Just the Facts
Five Facts on China’s Plan to Impose Tariffs on $60 Billion Worth of U.S. goods
By Emma Petasis
August 3, 2018 | Blog
On Thursday President Trump announced he was considering imposing a 25% tariff on $200 billion worth of Chinese goods. In response, the Chinese government announced that if these new taxes were to take effect, they would respond with tariffs on $60 billion worth of American goods. Here are five facts on China’s proposed tariffs.
During his 2016 presidential campaign, Donald Trump labeled China as a currency manipulator and stated that he would use “every lawful presidential power to remedy trade disputes”
President Trump began to impose major tariffs on Chinese products in January, which has resulted in a tit-for-tat series of tariffs over the course of the past several months. In early June, President Trump announced a 25% tariff on $50 billion worth of Chinese exports. The Chinese Ministry of Commerce stated that the United States “has launched the biggest trade war in economic history so far.” Beijing responded with proportional tariffs on $34 billion worth of U.S. imports, targeting things such as soybeans and electric vehicles. This week, President Trump announced that he was considering raising the levy on another round of proposed tariffs from 10% to 25% on an additional $200 billion worth of Chinese products.
On Friday, the Chinese government announced it was prepared to impose tariffs on $60 billion worth of U.S. products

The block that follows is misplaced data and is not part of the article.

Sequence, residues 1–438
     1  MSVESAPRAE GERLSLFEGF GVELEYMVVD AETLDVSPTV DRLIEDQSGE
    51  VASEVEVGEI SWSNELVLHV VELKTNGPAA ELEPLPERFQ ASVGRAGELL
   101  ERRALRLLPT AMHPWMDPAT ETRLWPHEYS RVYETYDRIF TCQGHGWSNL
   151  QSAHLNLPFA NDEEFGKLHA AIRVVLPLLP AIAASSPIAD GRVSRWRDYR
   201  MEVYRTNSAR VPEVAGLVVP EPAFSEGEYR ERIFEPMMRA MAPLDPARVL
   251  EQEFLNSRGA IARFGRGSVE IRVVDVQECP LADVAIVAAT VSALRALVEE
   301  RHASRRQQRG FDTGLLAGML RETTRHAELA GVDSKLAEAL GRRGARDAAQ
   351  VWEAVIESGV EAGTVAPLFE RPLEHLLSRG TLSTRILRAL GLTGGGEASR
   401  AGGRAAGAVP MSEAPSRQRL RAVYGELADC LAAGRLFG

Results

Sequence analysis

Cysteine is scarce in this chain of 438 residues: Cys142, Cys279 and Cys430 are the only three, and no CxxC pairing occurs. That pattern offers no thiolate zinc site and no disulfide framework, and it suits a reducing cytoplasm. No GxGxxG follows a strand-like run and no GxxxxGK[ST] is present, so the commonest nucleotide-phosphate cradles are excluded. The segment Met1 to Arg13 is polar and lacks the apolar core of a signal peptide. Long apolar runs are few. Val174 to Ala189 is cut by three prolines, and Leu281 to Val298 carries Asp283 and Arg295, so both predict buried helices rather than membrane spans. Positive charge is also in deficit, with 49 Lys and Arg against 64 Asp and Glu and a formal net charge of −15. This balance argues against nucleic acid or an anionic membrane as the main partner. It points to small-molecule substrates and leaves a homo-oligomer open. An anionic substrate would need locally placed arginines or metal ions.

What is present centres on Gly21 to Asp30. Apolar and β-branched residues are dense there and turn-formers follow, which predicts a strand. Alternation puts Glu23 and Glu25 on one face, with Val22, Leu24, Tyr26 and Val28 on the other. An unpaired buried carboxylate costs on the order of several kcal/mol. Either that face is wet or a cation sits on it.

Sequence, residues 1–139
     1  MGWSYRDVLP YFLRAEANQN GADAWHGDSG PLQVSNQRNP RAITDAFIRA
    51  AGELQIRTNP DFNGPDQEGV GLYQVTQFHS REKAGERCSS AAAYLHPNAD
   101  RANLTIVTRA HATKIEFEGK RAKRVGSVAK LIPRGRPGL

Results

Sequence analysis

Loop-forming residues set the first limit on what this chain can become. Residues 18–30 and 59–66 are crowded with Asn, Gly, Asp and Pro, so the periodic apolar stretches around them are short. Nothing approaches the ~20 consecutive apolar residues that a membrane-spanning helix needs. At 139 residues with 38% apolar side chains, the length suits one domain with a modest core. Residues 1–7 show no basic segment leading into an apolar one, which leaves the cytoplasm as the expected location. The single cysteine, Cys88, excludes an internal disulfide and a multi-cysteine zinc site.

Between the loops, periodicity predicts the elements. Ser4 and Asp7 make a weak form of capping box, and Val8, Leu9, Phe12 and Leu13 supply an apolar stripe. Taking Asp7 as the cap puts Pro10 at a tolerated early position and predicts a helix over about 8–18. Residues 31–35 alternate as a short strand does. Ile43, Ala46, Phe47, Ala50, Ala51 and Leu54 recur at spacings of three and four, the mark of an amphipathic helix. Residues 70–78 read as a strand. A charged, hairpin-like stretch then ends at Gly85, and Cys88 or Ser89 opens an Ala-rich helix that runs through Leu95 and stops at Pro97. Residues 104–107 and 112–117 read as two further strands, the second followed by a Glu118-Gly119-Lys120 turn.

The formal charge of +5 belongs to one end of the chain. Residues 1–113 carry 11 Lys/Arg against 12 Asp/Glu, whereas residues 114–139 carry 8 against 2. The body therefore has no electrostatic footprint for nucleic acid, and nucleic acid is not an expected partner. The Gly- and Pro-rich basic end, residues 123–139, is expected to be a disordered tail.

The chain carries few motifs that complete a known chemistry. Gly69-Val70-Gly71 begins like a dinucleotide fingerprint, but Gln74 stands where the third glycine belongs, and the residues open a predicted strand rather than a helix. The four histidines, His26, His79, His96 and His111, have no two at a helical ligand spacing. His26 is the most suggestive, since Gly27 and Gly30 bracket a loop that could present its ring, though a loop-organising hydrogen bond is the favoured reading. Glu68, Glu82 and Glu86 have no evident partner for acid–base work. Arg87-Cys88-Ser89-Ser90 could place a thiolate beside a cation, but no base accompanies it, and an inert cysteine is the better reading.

China’s Ministry of Commerce stated, “China is fully prepared and will have to retaliate to defend the nation’s dignity and the interests of the people.” Beijing’s representative continued, making clear that America’s “carrot and stick tactic won’t work.”
China’s proposed set of tariffs would affect the price of 5,207 American goods with levies ranging from 5% to 25%
The Chinese Ministry said it was “forced to act” in a trade dispute which U.S.- China trade expert, Lu Xiang, called “a tactic by Trump, but if it eventually evolves into a strategic confrontation, the result will undoubtedly be disastrous.” The U.S. Products set to be taxed include beef, natural gas, semiconductors, condoms, coffee, and helicopters.
The implementation and date on which China’s tariffs go into effect will depend on the Trump administration’s next steps
China has made it clear that the $60 billion worth of tariffs will only go into effect if the U.S. follows through on its tariff threats. In addition, the Chinese government also reserved “the right to continue to introduce other countermeasures.” The Chinese State Council further warned, “any unilateral threat or blackmail will only lead to intensification of conflicts and damage to the interests of all parties.”
President Trump’s escalation of this trade war has drawn criticism from both members of Congress and the business community
Prior to China’s announcement, President of the National Retail Federation Matthew Shay stressed that Trump “increasing the size of the tariffs is merely increasing the harm that will be done… [it’s] an unacceptable gamble with the U.S. economy.” Meanwhile, there appears to be bipartisan unease regarding the recent escalations. The Senate recently passed a resolution by a vote of 88-11 requesting that the president get congressional approval before imposing tariffs in the name of national security. Sena Orrin Hatch (R-UT) criticized the president’s “overreliance on tariffs,” tweeting that the U.S. “cannot keep substituting additional tariffs for a targeted strategy that will actually bring China to the negotiating table.”